Years ago (gosh, at least ten years, how shocking to realise), I ended up moderating a public Philosophy forum. It’s long gone now but I am still friends with many of my fellow moderators including the wonderful Andrew Jeffrey, who really has not done much with his Academia.edu profile! Everybody who used the forum had a user name (typically not our ‘real’ names), and we were able to add a tagline which would be appended to all of our posts. My handle was Diotima and my tagline was “We are not thinking frogs”,1 which is from Nietzsche’s Die Fröhliche Wissenschaft (not meaning to be pretentious, but the best English translation of this as The Gay Science just doesn’t do it for me); Andy’s handle was Didymus and his tagline was “I have the questions for all of your answers”, which I believe is an original thought, not a quotation.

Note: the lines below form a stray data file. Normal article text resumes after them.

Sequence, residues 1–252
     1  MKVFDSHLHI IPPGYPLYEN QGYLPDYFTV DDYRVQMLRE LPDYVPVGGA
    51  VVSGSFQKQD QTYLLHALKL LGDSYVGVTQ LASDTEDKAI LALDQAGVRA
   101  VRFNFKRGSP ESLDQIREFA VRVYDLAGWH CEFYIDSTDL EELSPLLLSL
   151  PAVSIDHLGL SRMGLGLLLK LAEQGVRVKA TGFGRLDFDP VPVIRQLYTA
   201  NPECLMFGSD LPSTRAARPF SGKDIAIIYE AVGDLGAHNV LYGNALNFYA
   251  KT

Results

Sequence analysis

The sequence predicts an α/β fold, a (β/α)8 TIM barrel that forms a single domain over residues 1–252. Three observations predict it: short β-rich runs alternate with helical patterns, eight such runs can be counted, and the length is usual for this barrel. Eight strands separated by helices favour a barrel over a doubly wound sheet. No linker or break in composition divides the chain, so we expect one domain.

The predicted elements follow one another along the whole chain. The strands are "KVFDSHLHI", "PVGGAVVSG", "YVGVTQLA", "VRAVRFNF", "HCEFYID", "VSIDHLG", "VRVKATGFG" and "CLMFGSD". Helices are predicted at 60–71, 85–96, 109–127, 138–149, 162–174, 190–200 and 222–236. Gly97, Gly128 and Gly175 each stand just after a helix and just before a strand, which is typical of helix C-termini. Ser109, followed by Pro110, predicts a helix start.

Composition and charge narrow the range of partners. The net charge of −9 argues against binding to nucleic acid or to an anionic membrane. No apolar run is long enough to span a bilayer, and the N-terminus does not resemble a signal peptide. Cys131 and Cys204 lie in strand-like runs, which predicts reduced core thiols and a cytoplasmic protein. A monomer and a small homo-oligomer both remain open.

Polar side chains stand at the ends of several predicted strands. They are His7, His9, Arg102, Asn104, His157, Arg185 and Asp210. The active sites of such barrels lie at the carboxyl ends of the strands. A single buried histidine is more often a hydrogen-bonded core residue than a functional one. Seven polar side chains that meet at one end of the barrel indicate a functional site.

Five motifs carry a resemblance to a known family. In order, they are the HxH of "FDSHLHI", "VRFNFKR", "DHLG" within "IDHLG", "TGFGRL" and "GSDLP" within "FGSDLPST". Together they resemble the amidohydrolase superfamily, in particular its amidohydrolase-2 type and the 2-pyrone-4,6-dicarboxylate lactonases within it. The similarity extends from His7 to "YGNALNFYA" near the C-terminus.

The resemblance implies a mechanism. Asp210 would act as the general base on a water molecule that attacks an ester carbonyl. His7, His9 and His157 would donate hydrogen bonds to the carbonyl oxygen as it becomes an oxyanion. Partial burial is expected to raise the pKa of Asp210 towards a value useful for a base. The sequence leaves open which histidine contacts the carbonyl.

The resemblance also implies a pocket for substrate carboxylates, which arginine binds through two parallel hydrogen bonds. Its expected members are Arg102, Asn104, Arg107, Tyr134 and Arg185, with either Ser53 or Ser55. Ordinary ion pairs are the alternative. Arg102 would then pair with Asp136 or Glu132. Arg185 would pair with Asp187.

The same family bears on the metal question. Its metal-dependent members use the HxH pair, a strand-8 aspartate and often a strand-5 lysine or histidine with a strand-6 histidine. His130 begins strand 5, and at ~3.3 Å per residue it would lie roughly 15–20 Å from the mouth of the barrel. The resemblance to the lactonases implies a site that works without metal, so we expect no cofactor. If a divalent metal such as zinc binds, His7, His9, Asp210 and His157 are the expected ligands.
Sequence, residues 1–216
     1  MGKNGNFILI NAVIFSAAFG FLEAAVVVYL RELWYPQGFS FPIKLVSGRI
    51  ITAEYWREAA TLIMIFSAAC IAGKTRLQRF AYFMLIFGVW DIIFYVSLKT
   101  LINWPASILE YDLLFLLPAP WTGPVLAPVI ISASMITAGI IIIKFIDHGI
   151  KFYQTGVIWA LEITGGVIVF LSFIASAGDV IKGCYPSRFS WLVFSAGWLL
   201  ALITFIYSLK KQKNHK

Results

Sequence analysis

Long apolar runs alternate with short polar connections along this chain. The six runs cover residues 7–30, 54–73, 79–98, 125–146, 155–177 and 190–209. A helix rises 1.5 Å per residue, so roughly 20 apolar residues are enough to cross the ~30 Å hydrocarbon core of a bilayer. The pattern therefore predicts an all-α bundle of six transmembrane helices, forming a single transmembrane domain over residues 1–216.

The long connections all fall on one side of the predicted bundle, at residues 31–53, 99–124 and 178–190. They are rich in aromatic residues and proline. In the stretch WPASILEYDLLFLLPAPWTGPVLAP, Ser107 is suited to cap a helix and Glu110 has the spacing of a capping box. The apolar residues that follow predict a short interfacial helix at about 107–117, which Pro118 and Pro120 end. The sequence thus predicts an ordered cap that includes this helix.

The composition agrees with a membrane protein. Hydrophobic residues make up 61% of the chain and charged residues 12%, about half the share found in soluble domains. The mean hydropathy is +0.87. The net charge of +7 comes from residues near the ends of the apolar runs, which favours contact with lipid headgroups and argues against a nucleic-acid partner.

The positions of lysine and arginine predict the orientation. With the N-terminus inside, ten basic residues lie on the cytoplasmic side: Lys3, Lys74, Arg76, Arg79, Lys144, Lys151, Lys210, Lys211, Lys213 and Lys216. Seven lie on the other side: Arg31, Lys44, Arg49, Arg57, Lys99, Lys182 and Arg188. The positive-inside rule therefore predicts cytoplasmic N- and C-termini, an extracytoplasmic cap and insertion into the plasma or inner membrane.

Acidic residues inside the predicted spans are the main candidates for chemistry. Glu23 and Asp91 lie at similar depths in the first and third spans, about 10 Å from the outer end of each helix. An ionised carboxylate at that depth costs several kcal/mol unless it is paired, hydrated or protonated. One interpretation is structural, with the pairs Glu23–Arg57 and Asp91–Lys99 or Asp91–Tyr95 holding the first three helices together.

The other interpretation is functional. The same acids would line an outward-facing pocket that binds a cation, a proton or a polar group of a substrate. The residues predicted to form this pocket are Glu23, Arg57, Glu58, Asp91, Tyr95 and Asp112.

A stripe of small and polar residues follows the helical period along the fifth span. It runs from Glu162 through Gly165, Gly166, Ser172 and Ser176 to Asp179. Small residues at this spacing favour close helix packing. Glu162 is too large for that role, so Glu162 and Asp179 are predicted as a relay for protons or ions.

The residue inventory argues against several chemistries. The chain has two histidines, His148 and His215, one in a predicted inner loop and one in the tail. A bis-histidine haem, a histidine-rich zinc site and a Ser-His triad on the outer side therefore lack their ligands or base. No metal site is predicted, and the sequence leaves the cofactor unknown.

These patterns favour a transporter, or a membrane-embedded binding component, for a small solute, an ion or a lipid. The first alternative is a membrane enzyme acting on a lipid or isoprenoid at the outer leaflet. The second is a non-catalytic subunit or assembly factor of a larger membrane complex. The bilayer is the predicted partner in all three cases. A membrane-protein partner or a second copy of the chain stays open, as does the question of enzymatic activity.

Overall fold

Anyway, when Dave Cormier asked me in the unhangout last Thursday how we could teach uncertainty I was reminded of Andy’s tagline and I cheatingly stole it (well, I acknowledged that it had come from a friend, so thanks, Andy!). For me that is an interesting type of uncertainty – I don’t think that I’m a post-anything type of philosopher but I never know what I’ll be inspired to think about next, or end up doing as a job, and it’s that sort of uncertainty that can be unsettling but is also exciting. I also think, given the uncertainty of life in general, that this is an important life skill to teach our students. There’s a lot of emphasis put on employability and graduate attributes at the University of Glasgow, and I don’t think we’re unusual in this. However, one comment that has stayed with me over the years is one made by Katie Grant. As she pointed out the real skills that she had learnt were not the ones that made her employable, but the ones that helped her to cope during her periods of unemployment. So true.
1. I love frogs. I grew up in the Peak District in a village called Froggatt, and it began there.